What you probably didn't know was that Allan Pinkerton had a unique predecessor: the very very first French Detective by the name Eugène François Vidocq, the truest of the liars, the rascal of rascals, but certainly a Master of the Craft. When I say "rascal", he was indeed one since his very childhood, and he occasionally found himself in and out of prison (though he always played some trickery while at it, such as helping an inmate escape). His first murder was at the age of fourteen when he bragged about his swordsmanship. The called him "le Vautrin" (aka, the Wild Boar), and of course it ticked him off. He was a flirt, and quite one, and had his fare share of womanizing and heartbreaks. But more importantly, he was a master criminal, and his life of crime under false identities simply had no end, because not only did it provide him comfort but also offered him the thrill like none other. He was the man of great intelligence and street smarts, with eyes of the hawk and voracious appetite for observation. He was the perfect predator.

But no matter how great his skills his past eventually caught up with him. He couldn't always flee for his life, and was inevitably arrested (in front of his heartbroken mother) and was taken to Louvres, where he learned he was sentenced to death. He filed petition for a re-trial and waited, but when no signal came his inner demons got the better of him and he cleverly escaped. His life was already a mess, so there was no turning back. He saw his friend being executed, which made him reconsider the path he chose. He traveled as a gentleman, but his past haunted him again. Then he tried to legally become a merchant, but one of his former wives recognized him and blackmailed him. And soon, he was arrested again.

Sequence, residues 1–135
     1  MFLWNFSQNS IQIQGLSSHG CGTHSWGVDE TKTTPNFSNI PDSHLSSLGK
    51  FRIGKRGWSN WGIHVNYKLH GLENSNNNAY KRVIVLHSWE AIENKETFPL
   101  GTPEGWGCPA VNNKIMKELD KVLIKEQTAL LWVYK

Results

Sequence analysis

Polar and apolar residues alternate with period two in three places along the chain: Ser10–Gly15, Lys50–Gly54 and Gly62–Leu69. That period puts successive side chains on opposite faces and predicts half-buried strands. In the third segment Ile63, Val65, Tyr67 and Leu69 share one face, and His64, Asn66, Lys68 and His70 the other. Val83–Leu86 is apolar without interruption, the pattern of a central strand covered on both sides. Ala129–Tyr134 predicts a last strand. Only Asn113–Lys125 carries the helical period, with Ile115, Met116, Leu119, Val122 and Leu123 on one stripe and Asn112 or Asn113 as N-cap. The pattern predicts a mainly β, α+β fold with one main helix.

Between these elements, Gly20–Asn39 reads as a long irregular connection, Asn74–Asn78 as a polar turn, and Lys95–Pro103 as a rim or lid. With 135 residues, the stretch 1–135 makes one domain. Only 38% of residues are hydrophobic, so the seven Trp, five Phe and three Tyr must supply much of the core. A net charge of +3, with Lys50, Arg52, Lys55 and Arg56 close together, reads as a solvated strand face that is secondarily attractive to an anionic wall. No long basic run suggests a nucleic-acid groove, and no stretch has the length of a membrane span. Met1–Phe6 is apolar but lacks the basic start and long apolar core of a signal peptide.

But it was time to turn a new leaf. He was a Master of the Craft, after all, and the world would benefit from his skills. He offered to be a police spy, and with all his skills at his disposal, of charm, disguise, surveillance and theft, of criminal knowledge and minds, he became the predator of predators and brought the worst of their kind to justice. But the criminal underworld became suspicious of the betrayal; Vidocq was walking a thin line.

The man eventually founded his own unit, The Sûreté, a security force of plain-clothed police for undercover investigation of the most horrible crimes imaginable. Their powers only grew when Napolean signed a decree to make the force a nationwide influence. It was much like Sherlock Holmes' Baker Street Irregulars, except the force consisted of professional ex-criminals who wished to turn over a new leaf by applying the skills for the better of humanity. These guys were eyes and ears, the long arms of Vidocq, and haunted the scene of the crime unnoticed, picking up every detail. There were like shadows of the underworld, the secret guardians of every soul that walked France.